Hawaiian Airlines posted a $97 million loss in the third quarter as the state’s coronavirus-driven quarantine requirements hampered air travel demand – and the airline’s recovery.

The Honolulu-based carrier on 27 October also detailed the agreement it reached with Boeing earlier this month to delay deliveries of its long-awaited 787-9 Dreamliners. 

Hawaiian has ten orders with the Chicago-based airframer, which were due to begin delivering in early 2021. Now, the carrier says the first example will arrive in September 2022 and enter service the following year. The rest will be delivered by 2026.

Boeing 787-9 Hawaiian Air

Source: Hawaiian Airlines

A rendering of Hawaiian’s Boeing 787-9 Dreamliner, which the airline expects to begin receiving one year later than planned

“The 787 is a terrific airplane and will be a vital part of our fleet in the future,” chief executive Peter Ingram says during the company’s quarterly earnings call. “But we don’t need it in 2021.”

The aircraft were due to replace the airline’s Airbus A330-200s on long-haul routes to Asia, as well as to Boston and New York City, two of the longest domestic flights in the world. The 787s have range to potentially connect Honolulu to a European destination such as London.

“It’s less about a change in our view of the long term and more about the fact that short-term we are just in a dramatically different demand environment than we were at the beginning of this year,” Ingram says. “The complexity of entering a new fleet into the business, and the inherent inefficiency – it’s a lumpy process when you go through it. We wanted to move that to the right a bit to allow us to focus in 2020 and 2021, to stabilise and restore the business, and we will be in a much better place in 2022.”


The coronavirus pandemic and its associated effects on the company’s business remains top of mind for Hawaiian’s executives, who expressed relief that the state’s mandatory 14-day quarantine order has been modified. Travel restrictions were among factors contributing to a third quarter in which Hawaiian’s revenue tumbled 90% year-on-year, to $76 million.

On 15 October, Hawaii relaxed the quarantine for travellers arriving in the archipelago. For the first time in almost six months, inbound customers were able to side-step the 14-day mandatory isolation rule if able to show a negative coronavirus test no more than 48h old.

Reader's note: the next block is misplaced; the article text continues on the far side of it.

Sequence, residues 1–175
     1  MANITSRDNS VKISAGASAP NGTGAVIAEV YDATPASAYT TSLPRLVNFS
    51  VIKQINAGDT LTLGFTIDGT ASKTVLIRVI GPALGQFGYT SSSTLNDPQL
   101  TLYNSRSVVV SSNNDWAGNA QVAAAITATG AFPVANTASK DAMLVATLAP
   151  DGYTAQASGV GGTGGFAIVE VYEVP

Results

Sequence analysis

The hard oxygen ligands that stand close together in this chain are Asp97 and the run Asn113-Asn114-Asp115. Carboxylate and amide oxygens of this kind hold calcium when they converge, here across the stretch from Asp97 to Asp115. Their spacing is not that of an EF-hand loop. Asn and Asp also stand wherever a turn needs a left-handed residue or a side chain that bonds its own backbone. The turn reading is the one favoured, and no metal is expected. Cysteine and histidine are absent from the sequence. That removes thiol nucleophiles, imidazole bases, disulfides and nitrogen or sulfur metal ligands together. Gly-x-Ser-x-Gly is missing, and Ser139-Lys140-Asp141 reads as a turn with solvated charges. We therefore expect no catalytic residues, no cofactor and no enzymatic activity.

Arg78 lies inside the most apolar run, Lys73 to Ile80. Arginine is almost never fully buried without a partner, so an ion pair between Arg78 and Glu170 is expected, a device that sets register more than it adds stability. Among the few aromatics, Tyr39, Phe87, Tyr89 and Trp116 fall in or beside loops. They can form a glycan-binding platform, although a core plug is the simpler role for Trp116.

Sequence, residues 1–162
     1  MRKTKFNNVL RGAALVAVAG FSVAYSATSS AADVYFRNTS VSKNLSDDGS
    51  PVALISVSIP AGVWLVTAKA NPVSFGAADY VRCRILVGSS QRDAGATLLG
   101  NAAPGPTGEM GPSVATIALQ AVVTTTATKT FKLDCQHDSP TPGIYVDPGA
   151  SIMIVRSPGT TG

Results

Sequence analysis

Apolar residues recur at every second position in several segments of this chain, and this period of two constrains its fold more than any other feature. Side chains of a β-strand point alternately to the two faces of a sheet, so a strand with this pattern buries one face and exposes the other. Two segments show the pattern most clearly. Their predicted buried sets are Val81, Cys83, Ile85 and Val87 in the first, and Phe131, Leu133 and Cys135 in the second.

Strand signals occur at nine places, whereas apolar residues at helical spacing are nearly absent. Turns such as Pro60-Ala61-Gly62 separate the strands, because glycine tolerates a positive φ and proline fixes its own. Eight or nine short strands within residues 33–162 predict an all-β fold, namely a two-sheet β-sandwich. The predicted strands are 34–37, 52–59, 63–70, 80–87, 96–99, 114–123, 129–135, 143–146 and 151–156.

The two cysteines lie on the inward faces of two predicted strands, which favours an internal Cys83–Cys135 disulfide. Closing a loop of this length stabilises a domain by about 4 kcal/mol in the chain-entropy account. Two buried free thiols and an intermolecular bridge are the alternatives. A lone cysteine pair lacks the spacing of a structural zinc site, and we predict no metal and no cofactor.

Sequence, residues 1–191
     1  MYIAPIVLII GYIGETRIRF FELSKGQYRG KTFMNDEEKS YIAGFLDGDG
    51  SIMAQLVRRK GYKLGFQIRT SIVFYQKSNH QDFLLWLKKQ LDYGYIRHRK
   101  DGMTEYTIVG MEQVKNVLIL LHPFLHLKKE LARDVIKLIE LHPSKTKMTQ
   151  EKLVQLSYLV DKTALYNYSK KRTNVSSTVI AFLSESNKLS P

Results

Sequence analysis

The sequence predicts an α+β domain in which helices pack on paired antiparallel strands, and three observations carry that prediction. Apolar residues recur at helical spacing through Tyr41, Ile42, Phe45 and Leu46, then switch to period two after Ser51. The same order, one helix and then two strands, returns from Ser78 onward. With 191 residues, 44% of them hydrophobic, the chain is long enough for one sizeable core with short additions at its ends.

“People [in Hawaii] are still getting comfortable with the notion of having so many visitors back in the state,” Ingram says. “We need to make sure that we are making people aware of what they need to do to get tested, so that we can keep the cases down and improve the overall comfort level with increased visitors in the state.”

Hawaii has or is looking to implement pre-departure testing programmes in the US, as well as in Japan, Korea – two of the airline’s most vital markets – and other regions.

Ingram is “encouraged that the Hawaii pre-travel testing programme will have a marked inflection on the trajectory of our business.”

Over the past weeks, Hawaiian restored numerous routes to the US mainland. The airline’s senior vice-president for revenue management and network planning Brent Overbeek says that by the end of the fourth quarter the carrier will have reinstated flights to all of its 13 pre-coronavirus destinations on the mainland.

The airline plans to have about 54% of overall capacity restored in the fourth quarter, rising to 60% during the end-of-year holidays, Overbeek adds.

“We are encouraged how demand is coming back,” Overbeek says, adding that the airline is seeing “a different booking curve” than it is used to, with customers waiting later to make travel plans.

In addition, Hawaiian’s competitors are offering promotions as the state begins to open up. “It is important for us to remain competitive.”


Two weeks ago, Hawaiian said it would be suspending its regional subsidiary Ohana by Hawaiian’s flights to neighbouring Molokai island and Lanai on Maui, beginning on 1 November, due to complexities of operating those routes in the current environment. However, on 26 October the airline reversed that decision.

The planned stoppage was triggered by a clause in the airline’s contract with pilots that regulated feeder carrier service to the smaller islands. However, Hawaiian executives now say the US Department of Transportation (DOT) will likely deem connectivity to the islands “essential”, allowing it to operate the routes for at least another three months.

“We reversed that announcement yesterday based on the fact that although we do not accept essential air service (EAS) subsidies, we anticipate that the DOT will require us to continue flying those,” Ingram says.

Ohana by Hawaiian is operated by Empire Airlines on ATR-42 and ATR-72 turboprops. The carrier serves routes between Hawaii’s capital Honolulu and Molokai as well as Lanai and Kapalua in West Maui. The Kapalua route was suspended earlier this year.